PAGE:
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DWYER MARBLE & STONE  •  DESIGN NEWSLETTER  •  Vol. 2, Issue 8  •  Back Issues click to call: 248.476.4944
News & Views
 
What's Your Stone Personality?

© UseNaturalStone.com

You're standing in the showroom, temporarily stunned by the sights before you. Slabs of natural stone are arranged in long aisles like beckoning, stone-clad hallways. As you wander down the aisle you pause to absorb the differences in each slab. Some are bright and sparkly, while others are gritty and moody. Some are sleek and serene ...   read more>>>

Using Stone For A Healthier Home

© UseNaturalStone.com

Earlier this year, Dior Builders opened its doors to Healthy Home 2018 in Inverness, Illinois, as part of a tour and in partnership with the American Lung Association Health House™ program. Healthy Home 2018 is the first home in the country to be built ...   read more>>>

 New Materials @ Dwyer Marble & Stone ...
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Featured Materials
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DARK FUSION BRUSHED
QUARTZITE
SILVER CLOUD
GRANITE
DIVINE
AUREA STONE – ENGINEERED QUARTZ
VENEZIA
THE FOUR ELEMENTS – ENGINEERED QUARTZ

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What's Your Stone Personality?

by Karin Kirk


You're standing in the showroom, temporarily stunned by the sights before you. Slabs of natural stone are arranged in long aisles like beckoning, stone-clad hallways. As you wander down the aisle you pause to absorb the differences in each slab. Some are bright and sparkly, while others are gritty and moody. Some are sleek and serene, and others are vibrant and full of life. The idea of shopping for your countertop had sounded fun and easy, but now you realize this is going to be a tough choice.

Where to start? You've got three factors to consider: price, performance, and looks. Price is a personal decision. Some people start out with a firm budget and then throw that out the window when they meet their perfect stone. Others see stone as an investment and know that it's worth it for them. There are also regional differences in prices. But I'm a geologist, and while only you know your budget, I can be more helpful when it comes to sorting out how stones look, feel, and behave. Wrapping your head around all the variables can be daunting. That's why your stone personality matters!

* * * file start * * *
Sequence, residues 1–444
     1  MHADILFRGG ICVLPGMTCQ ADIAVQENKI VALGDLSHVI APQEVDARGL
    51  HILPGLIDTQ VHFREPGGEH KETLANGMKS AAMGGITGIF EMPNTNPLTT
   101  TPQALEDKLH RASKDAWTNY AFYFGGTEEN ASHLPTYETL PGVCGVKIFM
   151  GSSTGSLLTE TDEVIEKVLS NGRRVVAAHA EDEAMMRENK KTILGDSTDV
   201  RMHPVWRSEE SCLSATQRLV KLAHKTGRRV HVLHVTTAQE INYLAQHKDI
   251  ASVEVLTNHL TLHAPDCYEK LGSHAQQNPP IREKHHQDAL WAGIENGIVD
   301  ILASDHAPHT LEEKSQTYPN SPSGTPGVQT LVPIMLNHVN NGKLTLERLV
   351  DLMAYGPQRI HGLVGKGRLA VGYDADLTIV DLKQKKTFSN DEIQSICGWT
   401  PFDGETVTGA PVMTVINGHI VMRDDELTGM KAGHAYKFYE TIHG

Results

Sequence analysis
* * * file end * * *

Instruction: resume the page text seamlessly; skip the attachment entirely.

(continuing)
Is marble right for me?

O' marble, how we love thee. As beautiful as it is, marble etches from acids and can get scratched from metal utensils. But hey, it's gorgeous right? The lust for marble is emotionally complex, so I boiled it down to this simple flow chart.


Okay, so I'm not compatible with marble. But I want marble. Is there a way around that? Sealer? Saran wrap? Polishing out the etch marks? Following guests around with a dishtowel?

Trying to make marble something it isn't is a recipe for discontent. Why not choose a stone that will work for you just the way it is?

Quartzite is a natural metamorphic rock that in some cases looks a lot like marble. However, it does not etch and is hard enough to withstand everyday kitchen abuse. Look for well-known quartzites like Elite, Florencia, or Taj Mahal.

There are also some beautiful white granites. Check out Colonial White, Dallas White, Ice White or Fantastic White.

Alrighty, so we've resolved the dilemma of marble vs. not marble. Let's move on to other factors of your stone personality.

Please describe how you feel about dust and crumbs hanging around on your countertop.

My skin is crawling just thinking about it. There shalt be no dust and no crumbs in my kitchen. Shudder.